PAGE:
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June and Nancy q&a preview by Gabrielle Maisels
July 17, 2012

What is your job on this show?

What was the last show you saw that really excited you, and why?
"February House" at The Public, with Julian Fleisher and a bunch of other wonderful actors and brilliant music and lyrics by Gabriel Kahane, whose work I really don't know but was wildly impressed by in "February House". I pretty much loved every minute of the show, which is somewhat unusual for me. Especially because the acting was quite stylized and full-frontal -- a choice that can easily feel unbearable, but was SO DELICIOUS in this show. The performers were having SUCH a good time, it was contagious. And I was just fascinated to watch these legendary figures as characters -- W.H. Auden, Carson McCullers, Benjamin Britten. I loved it.

Have you been part of FringeNYC in the past? If so, how did you particpate? (Be specific! Name shows, etc.)
Yes. I LOVE FringeNYC. It's special. I've done both my solo shows in FringeNYC -- "Two Girls" in 2010 and "Bongani" in 2011 and had wonderful audiences, amazing reviews, just all-around fabulous experiences. Thank you Elena, Brit, Taty and everyone else at FringeNYC. (And thank you,, for your support every year!)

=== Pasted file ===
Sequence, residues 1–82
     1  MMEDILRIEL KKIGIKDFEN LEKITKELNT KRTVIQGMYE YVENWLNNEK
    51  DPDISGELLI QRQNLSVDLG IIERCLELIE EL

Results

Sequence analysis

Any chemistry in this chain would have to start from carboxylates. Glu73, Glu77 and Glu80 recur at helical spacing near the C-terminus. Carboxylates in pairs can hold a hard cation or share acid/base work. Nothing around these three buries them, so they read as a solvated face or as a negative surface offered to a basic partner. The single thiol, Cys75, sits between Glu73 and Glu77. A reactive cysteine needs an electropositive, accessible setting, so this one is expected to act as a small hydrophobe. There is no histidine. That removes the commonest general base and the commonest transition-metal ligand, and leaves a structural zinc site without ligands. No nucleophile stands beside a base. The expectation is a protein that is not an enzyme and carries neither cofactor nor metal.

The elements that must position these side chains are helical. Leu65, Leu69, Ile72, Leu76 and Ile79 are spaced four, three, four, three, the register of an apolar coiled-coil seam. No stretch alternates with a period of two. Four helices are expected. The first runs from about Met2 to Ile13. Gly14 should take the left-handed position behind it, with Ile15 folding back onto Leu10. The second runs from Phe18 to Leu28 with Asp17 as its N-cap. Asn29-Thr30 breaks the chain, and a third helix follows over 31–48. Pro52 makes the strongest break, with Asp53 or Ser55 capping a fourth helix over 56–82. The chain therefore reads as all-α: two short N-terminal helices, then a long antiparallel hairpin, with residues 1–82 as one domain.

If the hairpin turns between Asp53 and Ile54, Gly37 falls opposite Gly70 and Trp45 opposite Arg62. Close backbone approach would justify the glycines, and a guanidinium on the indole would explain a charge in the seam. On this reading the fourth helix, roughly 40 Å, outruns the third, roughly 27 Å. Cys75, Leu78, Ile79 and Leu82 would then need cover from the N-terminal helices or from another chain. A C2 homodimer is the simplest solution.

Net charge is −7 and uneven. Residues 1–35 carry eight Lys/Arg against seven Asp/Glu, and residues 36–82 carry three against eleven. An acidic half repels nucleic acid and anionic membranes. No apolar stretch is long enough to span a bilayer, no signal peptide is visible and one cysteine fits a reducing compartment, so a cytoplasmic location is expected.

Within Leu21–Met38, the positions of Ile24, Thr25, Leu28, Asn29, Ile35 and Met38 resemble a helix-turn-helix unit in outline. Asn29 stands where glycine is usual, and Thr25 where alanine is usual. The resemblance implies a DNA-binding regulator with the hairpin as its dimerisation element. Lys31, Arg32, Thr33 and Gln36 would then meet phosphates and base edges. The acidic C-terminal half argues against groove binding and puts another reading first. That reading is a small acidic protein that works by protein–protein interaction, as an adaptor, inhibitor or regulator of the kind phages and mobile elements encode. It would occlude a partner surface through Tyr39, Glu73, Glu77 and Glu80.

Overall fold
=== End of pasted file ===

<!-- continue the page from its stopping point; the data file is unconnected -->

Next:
How did you meet your fellow artists/collaborators on this show?
I like this question 'cause I'm so thrilled to be working with this crew. I and the entire cast and director and playwright are all students of Carol Fox Prescott and have studied together for years. We work from a technique based in breathing, awareness and joy and it's incredibly satisfying and rich. I feel like we're lucky. I teach Carol's technique in my acting class now and the whole cast has worked on the play in class, too, so it's been a hugely satisfying development experience.

Groucho, Chico, Harpo, or Zeppo?
Harpo. (Wouldn't you just like to BE Harpo sometimes, and be relieved of the responsibility of talking?)

Can theatre bring about societal change? Why or why not?
Of course. If an experience is deeply affecting, it has the power to change individuals, and that changes society. When we take "June and Nancy" to venues outside New York, for instance, audiences will get to fall in love with the two women, root for them to beat the odds, get swept up in their personal struggles -- and for SOMEONE in that audience, that is going to be the first time that he/she strongly identified with a gay character, or was moved to tears by love between two women. That's societal change.